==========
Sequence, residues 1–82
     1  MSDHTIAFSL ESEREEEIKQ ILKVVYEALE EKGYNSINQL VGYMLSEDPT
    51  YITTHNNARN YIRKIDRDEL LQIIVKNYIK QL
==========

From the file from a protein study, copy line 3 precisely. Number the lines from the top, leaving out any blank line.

    51  YITTHNNARN YIRKIDRDEL LQIIVKNYIK QL